MANE’s “Raise the Roof” Seafood Celebration More Fun Than EVER! | The Whirl


River Region citizens gathered to show support for the area’s premier therapeutic riding facility known as Montgomery Area Nontraditional Equestrians or “MANE.” The 13th annual “Raise the Roof” Seafood Celebration took place on Thursday, October 20th. MANE uses equine-related activities to serve area children and adults including veterans, who have physical, cognitive, emotional, and developmental disabilities, as well as at-risk youth. A fabulous seafood buffet, freshly prepared in MANE’s Poarch Creek Arena, was provided by Wintzell’s Oyster HouseBaptist Health, MAX Credit UnionSpire Energy and Alabama Power sponsored the event. 

Clear skies and cool fall temperatures added to the autumn celebration in an extraordinary setting for all to enjoy a fun-filled night with friends.  Pat Crockett, and Huntingdon College students Gabe Dunn, Abby Hoggle, Ellie Pool, Kalee Gilbert, Hannah Hollingsworth, Annika Walker, Sarah Casey, and Jayden Eutseydirected guests to park along MANE’s 3-acre sensory integration trail. Attendees were transported to the barn party on a restored antique wagon from Kickback Ranch, or on golf carts thoughtfully provided by Wynlakes. The wagon was driven by Colin Claybrook and Patrick McWhorter, while the golf carts were piloted by volunteer Susan Powe and MANE Instructor Brittany De Queiroz. 

The large sensory integration trail (SIT) has carefully designed stations featuring activities that integrate the rider’s sensory input via sight, smell, hearing, and touch. The SIT provides opportunities to enhance gravitational security, balance, grasp/release, and proprioceptive input while participants engage in therapeutic horseback riding.  For example, the giant tic-tac-toe game station was designed to challenge MANE riders’ cognitive ability to organize successful and appropriate responses to sensory input, while remaining mounted on their horse.  The double figure-eight shaped trail of crushed limestone aggregate encompasses a beautiful memorial garden, the Rotary Club covered arena, and a zone filled with colorful flexible noodles suspended in air. On the way to the party, guests passed by MANE’s smaller, shaded sensory trail, which afford riders other interactive, learning experiences and was developed by Church of the Highlands volunteers.  Students and faculty from Faulkner University recently refreshed sensory trail stations and landscape.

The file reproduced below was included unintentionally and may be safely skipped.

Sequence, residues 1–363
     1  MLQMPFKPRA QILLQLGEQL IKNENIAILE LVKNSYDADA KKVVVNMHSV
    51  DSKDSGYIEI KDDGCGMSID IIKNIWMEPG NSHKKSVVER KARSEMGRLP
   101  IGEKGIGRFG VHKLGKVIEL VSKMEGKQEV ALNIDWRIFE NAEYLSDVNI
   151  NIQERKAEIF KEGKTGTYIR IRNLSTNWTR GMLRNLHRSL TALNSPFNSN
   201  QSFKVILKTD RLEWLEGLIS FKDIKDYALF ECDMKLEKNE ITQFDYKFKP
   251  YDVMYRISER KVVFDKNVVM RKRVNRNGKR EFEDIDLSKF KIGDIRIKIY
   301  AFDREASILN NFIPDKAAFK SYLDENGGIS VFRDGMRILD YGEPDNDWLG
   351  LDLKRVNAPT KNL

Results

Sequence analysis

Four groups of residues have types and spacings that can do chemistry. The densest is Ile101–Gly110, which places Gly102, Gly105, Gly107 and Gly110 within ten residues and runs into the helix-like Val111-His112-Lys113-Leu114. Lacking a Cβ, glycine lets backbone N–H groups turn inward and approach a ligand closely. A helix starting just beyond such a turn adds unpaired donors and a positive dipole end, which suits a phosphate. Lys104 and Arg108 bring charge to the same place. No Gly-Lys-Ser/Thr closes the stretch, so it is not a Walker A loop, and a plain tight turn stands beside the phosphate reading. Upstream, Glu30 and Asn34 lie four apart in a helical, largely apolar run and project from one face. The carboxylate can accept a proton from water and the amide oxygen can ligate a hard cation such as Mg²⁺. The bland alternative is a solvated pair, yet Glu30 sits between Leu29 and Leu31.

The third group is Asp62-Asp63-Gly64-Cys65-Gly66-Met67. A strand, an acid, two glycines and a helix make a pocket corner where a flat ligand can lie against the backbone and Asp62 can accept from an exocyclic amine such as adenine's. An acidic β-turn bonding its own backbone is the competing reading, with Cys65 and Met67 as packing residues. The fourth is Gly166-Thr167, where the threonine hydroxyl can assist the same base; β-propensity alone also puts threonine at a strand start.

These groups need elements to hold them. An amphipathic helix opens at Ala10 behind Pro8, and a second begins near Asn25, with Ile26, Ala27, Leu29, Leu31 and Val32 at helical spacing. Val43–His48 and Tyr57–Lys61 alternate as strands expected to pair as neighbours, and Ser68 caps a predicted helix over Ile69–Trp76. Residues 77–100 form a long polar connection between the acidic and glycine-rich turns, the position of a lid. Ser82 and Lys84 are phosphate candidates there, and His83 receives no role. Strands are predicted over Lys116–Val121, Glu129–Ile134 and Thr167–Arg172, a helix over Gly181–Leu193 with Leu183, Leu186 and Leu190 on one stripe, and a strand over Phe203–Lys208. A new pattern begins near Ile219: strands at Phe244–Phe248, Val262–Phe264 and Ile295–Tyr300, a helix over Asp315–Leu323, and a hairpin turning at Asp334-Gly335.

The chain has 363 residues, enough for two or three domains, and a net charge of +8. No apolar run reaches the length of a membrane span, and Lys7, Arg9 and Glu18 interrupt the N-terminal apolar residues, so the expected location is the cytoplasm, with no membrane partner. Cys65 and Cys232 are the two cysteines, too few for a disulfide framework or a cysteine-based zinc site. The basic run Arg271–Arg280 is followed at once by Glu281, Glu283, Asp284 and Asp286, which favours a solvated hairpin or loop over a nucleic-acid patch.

Guests were greeted at the front door to the facility by MANE’s Director Tiffany Atkinson, MANE Associate Director Abby Claybrook and MANE Volunteer Coordinator Jessica McWhorter alongside MANE Board Members Susie Wilson and Michelle Parkinson.  Tickets to the event and donations were collected at the entrance, which sported hay bales covered in mums and an eclectic mixture of sparkling fall décor, setting the tone of the festivities. 

 Party-goers proceeded through the indoor section of the complex, which houses offices, classrooms, and The Kiwanis Korral – an indoor resource room where parents and caregivers can watch riders in the adjacent covered area.  The walls of the corridor leading to the stable area were lined with “introductory boards” designed by volunteers and featuring the many faces of MANE riders, volunteers, and staff. 

 

Through the double doors and just beyond the Kiwanis Korral is The Kiwanis Care Korner. The “Korner” is the horse washing/grooming area, tack room, and feed storage room designed to ensure the health and safety of MANE’s horses as well as to teach students about equine care. MANE 4H Horse Club members Georgia Cauthen, Audrey McWhorter, Galyn von Gal, MacKenzie Nelson, Emma Sherwood and Maya Shaffer hosted a table to introduce guests to the MANE Horse Club and showed off their many  awards, trophies, and blue ribbons from 4H competitions.  The MANE Horse Club girls claimed the cleaning duties throughout the night, while keeping a watchful eye on MANE’s equine herd. MANE volunteer Cyndi Crockett conversed with guests about horse sponsorships and student scholarships for special needs and at-risk youth.